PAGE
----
Ionopsis

Oncidium Alliance Species

by Susan Taylor

Originally published in BellaOnline

Posted by Sys Admin over 8 years ago.


This article references Inps. utricularioides, Inps. satyrioides.
Article Blog   Article Index

These cute little miniatures are found from Florida through Bolivia and most of the Caribbean Islands. There are currently about ten species listed and most of them are twig epiphytes or tree growing orchids which need higher light and very quick drying conditions. It is listed as endangered by the USDA so if you ever see one in the wild you are very lucky.

They are similar in growth habit to Tolumnia and need much the same conditions. In general they are warm to hot growing and need year round water and fertilizer to encourage blooming in late spring and during the summer months. As you could see from the pictures, this little plant will put on a spectacular show from a mature plant when well grown. Most people grow it mounted on tree fern or cork so that he flowers can be well displayed as the branched inflorescences fall with the weight of the flowers. As with others that grow in this manner, watch out for spider mites and scale insects as they can hide in the crevasse and can kill the plants quickly.

The three main species grown are Ionopsis utricularioides, Ionopsis satyrioide and Ionopsis paniculata. There is some disagreement as to whether the last is a synonym (or the same species) as utricularioides but the flowering habit is different enough that we’ll address them separately here.

The most spectacular, without doubt, is Ionopsis utricularioides. It can be found from Mexico through Central America and occasionally on the Caribbean Islands and in South Florida. The flowers range from white to dark purple depending upon the cultivar. The branched inflorescence can reach three feet (or approximately 90 centimeters) with a hundred flowers. They are generally grown on small mounts and needs somewhat more shade than the Tolumnias. They need very good air circulation and high humidity year round. Intermediate temperature conditions of 80-85 degrees Fahrenheit, or 26-29 Centigrade, are recommended with a cooling at night of approximately 15 degrees Fahrenheit, or 9.5 Centigrade. The flowers are considered to be long blooming and will provide you with a great show. This is a plant that can be grown in Wardian cases since it remains in the 6 inch or 15 centimeter size range.

Ionopsis satyrioide has a smaller and less spectacular flowering habit, but you can easily see where the name “Violet Orchid” came from when you see it flowering. The flower is generally white with pink or purple striping. Culture is similar to utricularioides.

Share on Social Media:  
Log in to Add a Comment

New Topics

  1. Rae Walker asked question Name help in category General Discussion
  2. John Small asked question Schomburgkia, species or hybrid in category General Discussion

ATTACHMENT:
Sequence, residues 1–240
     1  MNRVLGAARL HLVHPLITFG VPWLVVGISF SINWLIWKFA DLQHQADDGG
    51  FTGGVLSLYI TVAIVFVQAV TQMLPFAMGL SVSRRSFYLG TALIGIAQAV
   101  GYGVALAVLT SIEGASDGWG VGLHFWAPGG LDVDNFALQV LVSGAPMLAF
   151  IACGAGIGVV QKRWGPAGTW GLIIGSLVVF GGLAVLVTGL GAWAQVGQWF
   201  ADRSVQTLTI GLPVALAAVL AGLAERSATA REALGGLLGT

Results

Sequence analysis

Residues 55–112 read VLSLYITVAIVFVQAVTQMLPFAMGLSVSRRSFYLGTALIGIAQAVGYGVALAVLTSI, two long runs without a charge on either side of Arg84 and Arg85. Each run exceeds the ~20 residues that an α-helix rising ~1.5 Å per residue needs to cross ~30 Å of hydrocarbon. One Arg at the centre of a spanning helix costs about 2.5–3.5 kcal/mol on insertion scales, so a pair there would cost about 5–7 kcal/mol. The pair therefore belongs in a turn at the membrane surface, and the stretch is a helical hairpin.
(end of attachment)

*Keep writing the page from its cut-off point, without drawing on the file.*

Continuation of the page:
3. Robert H. Findlay asked question Help with ID of this Eria sp. in category General Discussion
  4. Osura Mindula Gunasena asked question Help to Identify the Id of this Vanda in category General Discussion
  5. Maricarmen Ferreira asked question Care for Myl Quest Fanguito in category General Discussion

New Comments

  1. Robert H. Findlay commented on topic "Help with ID of this Eria sp." by Robert H. Findlay
  2. Carol Holdren commented on topic "Name help" by Rae Walker
  3. Carol Holdren commented on member plant Dtps. Younghome Little Spirit by Heather A
  4. Sara D commented on member plant Den. Green Mist by Sara D
  5. Sara D commented on member plant Phal. bellina var. Coerulea by Sara D
  6. Sara D commented on member plant Pot. Marie Yellow Bird var. Love Love by Sara D
  7. John Small commented on topic "Lady Bug or dangerous bug" by John Small
  8. Carol Holdren commented on topic "Help to Identify the Id of this Vanda" by Osura Mindula Gunasena
  9. Carol Holdren commented on topic "Care for Myl Quest Fanguito " by Maricarmen Ferreira
  10. Roberto Lizama commented on topic "Help to idenficate this orchid" by Roberto Lizama
  11. Mark Ashworth commented on topic "Orchid species search" by Mark Ashworth
  12. Debbie Chase commented on topic "Head on Shot to be Identified" by Debbie Chase
  13. Carol Holdren commented on member plant Phal. Liu's Cute Angel by Mo Chen
  14. Mo Chen commented on member plant Holc. flavescens by Mo Chen
  15. Carol Holdren commented on topic "Identify Orchid" by Debbie Chase
  16. Nilda Vega commented on member plant Bct. Roman Holiday 'Hamlyn' by Terence Kew
  17. Clint Dalrymple commented on member plant Pnr. graminifolia by Clint Dalrymple
  18. Carol Holdren commented on member plant Rth. Beau's Golden Touch 'Touch of Class' by Robert Rand
  19. Robert H. Findlay commented on member plant B. nodosa 'Remar x Mas Mejor' by John Small
  20. Carol Holdren commented on member plant Phal. buyssoniana by Robert Oceans